“Ladies and gentlemen, family and friends, we are gathered here today to say our farewell to the dearly departed-”
You hold your jaw closed tightly in order to stifle a yawn and the rushing sound in your ears makes the priest’s voice sound like a badly-tuned radio. You let your mind wander and stop listening to him. You’ve never been to a church before. You never thought that a funeral would be your first time attending.
You watch the ladies in the front row, dressed in black, like evil witches in their lace and wraps and drapes, their fancy shoes scraping against the stone floor whenever they move. You wonder whether they will miss him. He never complained much about them, his ladies, but whenever he talked about them he looked at their pictures with regret and his lips would lose their perpetual upturned points.
You remember him the way you first met him. He seemed so much younger than you then. Hard to believe that he was only a few years your junior. You were both taking flying lessons at the airport. Zippy little planes, they were. You had to learn how to turn the engine off, to let the plane begin to swirl down-down-down-down-down, as if it was going to crash. It is a common misconception that planes just fall from the sky, like they do in cartoons. They don’t – the way the wings are built, the wings catch the air, the thermals or something, and so planes always go in spiraling loops on the way down. It was the scariest thing you’d ever done, turning off that engine. You both met at the edge of the vandalized playground later that week, and you talked about that. About how scary it was. That was the first time you realized he wasn’t a pukey little high school kid. You thought he may have some brains on him and you deigned to speak to him. You were such a putz when you were in college.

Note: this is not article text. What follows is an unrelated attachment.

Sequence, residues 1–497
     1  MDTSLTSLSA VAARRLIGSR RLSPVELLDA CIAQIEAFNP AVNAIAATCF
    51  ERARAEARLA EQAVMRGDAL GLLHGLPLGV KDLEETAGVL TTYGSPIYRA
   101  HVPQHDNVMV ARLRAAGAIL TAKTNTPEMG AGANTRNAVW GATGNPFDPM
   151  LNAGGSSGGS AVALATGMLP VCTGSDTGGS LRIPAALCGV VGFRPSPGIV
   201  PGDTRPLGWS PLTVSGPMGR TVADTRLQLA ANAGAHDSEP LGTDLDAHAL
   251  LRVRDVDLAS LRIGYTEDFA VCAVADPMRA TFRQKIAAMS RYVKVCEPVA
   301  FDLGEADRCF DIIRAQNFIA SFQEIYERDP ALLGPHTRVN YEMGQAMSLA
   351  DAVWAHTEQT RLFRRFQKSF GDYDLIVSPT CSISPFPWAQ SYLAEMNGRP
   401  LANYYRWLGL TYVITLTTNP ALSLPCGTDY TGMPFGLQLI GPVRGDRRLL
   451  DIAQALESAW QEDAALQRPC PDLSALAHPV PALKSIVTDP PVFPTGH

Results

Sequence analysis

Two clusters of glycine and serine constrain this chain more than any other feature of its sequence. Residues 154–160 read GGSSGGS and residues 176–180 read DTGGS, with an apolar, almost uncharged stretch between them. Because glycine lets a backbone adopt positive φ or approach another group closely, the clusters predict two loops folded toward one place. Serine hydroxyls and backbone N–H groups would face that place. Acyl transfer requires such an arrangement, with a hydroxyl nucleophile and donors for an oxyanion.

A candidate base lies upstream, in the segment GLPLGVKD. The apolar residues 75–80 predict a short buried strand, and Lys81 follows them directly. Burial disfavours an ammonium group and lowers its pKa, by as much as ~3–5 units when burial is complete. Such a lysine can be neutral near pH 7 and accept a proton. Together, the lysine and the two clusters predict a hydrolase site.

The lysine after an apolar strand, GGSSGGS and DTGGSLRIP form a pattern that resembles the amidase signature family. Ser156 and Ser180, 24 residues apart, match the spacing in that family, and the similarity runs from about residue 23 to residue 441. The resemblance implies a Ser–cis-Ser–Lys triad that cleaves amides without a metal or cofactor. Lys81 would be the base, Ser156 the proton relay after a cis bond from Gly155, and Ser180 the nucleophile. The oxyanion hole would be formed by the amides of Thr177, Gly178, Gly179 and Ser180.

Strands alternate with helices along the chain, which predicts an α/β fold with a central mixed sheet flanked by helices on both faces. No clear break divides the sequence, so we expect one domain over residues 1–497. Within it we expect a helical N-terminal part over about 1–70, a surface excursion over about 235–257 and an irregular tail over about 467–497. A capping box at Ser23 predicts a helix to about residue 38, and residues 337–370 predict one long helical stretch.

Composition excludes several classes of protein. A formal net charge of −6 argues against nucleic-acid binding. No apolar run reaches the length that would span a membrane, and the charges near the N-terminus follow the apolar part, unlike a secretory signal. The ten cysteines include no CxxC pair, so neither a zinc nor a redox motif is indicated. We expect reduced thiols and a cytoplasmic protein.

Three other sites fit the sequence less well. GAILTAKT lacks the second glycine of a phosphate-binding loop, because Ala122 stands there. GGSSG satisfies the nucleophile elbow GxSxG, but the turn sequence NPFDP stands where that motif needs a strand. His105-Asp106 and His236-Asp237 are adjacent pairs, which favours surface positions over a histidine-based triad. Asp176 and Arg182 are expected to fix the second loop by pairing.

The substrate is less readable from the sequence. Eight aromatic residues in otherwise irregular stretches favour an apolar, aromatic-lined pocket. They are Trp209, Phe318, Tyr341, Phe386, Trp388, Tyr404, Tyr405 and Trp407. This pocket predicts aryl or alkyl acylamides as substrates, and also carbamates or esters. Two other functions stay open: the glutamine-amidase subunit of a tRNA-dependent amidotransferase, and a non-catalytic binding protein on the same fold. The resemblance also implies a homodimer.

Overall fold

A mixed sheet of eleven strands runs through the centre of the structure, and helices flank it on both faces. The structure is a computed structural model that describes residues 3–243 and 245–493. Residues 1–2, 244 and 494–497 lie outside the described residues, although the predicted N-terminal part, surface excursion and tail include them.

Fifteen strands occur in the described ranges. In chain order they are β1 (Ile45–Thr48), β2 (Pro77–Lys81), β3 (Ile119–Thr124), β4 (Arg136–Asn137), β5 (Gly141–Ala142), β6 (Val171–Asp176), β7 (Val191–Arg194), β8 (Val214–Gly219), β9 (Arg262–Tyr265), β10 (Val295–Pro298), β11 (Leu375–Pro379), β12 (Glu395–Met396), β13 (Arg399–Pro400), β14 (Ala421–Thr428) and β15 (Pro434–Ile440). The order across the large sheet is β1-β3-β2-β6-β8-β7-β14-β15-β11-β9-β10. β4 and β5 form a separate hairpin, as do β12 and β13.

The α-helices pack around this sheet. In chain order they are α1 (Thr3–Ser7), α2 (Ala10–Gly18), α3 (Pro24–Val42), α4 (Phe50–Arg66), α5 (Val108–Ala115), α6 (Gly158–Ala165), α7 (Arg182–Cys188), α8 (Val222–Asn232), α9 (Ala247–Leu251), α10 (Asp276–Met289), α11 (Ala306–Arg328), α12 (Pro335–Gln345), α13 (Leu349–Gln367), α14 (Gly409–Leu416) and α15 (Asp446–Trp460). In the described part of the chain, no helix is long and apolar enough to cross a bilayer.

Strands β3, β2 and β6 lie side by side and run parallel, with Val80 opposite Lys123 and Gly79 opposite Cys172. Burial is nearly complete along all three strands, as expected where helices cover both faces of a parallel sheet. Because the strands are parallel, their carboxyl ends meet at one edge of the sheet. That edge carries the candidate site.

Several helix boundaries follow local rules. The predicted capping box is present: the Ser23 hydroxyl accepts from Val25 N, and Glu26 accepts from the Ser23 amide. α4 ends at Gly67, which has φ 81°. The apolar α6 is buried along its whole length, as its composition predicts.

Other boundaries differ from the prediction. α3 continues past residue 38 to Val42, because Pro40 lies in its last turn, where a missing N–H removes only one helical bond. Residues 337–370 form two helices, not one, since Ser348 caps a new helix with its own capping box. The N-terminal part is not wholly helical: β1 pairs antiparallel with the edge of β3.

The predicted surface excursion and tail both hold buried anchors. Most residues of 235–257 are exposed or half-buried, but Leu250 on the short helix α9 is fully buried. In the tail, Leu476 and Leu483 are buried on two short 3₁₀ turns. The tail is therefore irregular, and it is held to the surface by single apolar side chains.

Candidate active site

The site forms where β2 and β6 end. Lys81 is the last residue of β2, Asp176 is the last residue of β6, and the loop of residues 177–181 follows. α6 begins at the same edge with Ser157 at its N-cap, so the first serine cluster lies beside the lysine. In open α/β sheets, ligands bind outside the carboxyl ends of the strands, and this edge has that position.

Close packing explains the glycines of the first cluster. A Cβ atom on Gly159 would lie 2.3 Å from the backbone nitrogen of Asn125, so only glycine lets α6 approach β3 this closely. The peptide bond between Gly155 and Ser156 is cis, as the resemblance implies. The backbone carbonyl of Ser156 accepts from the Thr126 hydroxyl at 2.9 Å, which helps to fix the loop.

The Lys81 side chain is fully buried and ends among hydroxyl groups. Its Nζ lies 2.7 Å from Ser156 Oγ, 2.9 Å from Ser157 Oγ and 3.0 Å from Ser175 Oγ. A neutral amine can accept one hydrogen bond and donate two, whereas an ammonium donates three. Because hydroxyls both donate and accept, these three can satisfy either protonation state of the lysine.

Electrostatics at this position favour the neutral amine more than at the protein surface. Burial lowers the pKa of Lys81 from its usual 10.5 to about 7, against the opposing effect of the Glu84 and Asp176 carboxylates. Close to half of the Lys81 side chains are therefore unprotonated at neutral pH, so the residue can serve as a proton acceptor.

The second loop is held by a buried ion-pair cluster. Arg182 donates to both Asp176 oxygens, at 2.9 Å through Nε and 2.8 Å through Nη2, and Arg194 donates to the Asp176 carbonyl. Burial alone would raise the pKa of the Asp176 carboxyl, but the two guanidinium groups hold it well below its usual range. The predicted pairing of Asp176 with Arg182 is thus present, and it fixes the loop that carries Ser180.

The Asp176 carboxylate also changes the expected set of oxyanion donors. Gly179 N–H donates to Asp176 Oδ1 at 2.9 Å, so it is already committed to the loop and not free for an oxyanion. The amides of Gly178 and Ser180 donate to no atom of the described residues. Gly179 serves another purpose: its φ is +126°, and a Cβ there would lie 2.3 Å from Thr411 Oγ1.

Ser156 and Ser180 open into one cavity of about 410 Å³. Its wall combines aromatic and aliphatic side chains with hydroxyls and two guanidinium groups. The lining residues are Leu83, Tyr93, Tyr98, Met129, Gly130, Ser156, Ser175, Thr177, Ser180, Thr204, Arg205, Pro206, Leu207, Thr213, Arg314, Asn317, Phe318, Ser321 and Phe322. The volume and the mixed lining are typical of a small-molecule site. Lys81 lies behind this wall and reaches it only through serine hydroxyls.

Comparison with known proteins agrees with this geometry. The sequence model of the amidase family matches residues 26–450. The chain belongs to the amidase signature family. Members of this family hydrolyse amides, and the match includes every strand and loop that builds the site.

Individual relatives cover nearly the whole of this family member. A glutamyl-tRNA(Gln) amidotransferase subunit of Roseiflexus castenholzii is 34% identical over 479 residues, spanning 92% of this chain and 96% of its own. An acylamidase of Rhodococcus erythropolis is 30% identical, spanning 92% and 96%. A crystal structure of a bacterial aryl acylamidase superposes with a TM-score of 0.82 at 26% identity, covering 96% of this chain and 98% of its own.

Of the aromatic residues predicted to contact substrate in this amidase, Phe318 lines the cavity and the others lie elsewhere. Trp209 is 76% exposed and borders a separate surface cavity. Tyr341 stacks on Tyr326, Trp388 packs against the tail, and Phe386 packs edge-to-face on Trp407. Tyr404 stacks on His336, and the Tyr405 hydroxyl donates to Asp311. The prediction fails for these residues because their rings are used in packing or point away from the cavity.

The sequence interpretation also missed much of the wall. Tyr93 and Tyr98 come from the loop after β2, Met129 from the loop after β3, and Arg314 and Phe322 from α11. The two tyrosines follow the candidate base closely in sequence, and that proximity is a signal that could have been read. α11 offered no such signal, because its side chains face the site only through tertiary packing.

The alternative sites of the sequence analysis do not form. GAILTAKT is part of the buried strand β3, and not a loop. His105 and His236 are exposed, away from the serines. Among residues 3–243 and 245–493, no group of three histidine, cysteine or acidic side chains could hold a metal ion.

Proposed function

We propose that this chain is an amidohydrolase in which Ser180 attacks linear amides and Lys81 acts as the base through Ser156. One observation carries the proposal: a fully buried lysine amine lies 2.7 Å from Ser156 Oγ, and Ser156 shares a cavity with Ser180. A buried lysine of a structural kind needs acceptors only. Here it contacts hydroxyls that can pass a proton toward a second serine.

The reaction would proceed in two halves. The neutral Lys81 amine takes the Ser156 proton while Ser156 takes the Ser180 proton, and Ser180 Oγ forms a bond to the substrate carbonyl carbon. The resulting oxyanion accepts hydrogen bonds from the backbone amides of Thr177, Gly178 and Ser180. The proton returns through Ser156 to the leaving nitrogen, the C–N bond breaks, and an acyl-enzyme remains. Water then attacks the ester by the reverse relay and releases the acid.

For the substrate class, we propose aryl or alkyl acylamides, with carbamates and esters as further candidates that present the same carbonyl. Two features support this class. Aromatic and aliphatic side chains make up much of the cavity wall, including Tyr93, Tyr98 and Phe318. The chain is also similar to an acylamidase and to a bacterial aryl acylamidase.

It’s such a laugh, thinking of those flying lessons now, when you haven’t navigated a plane for forty years and your old friend is lying dead in a coffin in front of you. It’s ridiculous on another level, too – as if anyone could get flying lessons so easily now. You bet that just to get to the airstrip, now, if anyone could even afford to get flying lessons, you’d need to take your damn shoes off and scan your bag. You think of how you used to pay for airfare on the plane itself. No passports or IDs or anything. How the world changes.
One of the ladies is talking about how her uncle was such a good man, a noble man, and you wish you could get up and shout “Objection, your honor!” But this isn’t court, it’s church. The dead man in the coffin would have loved the joke, though. He wasn’t noble, and while sure, he was good in his own fashion, he would have been horrified to have been described that way.
The service is a blur. You wonder at one point whether you’ve fallen asleep. Your joints hurt on the wooden benches, and you wish you hadn’t agreed to be one of the pallbearers. You want to curse at him, but you know that people will look at you strangely if you do. It isn’t fair. When you die, you think, you’ll stipulate in your will that your funeral is to be strictly casual dress and that people aren’t allowed to be all fake-sad like this. If they’re sad, that’s fine, but if they want to shout at you and curse you out, that’s fine too. You’d prefer that, really. Heck, there are coffins that come with sound-systems today, people could have a party at your expense. They could choose the playlist you’ll listen to for all eternity. You wish he were around to laugh about that with you. You could have told him that you think your kids will choose to make you listen to their awful youtube teen stars for all eternity, just to get back at you for making fun of them.
The coffin is heavy, heavier than you expect. You tell him, silently, telepathically maybe, that he needed to go on a diet, and that death will probably help him lose weight real quickly. You wonder if you can feel him laughing somewhere but then you realize that it’s your own shoulders, heaving.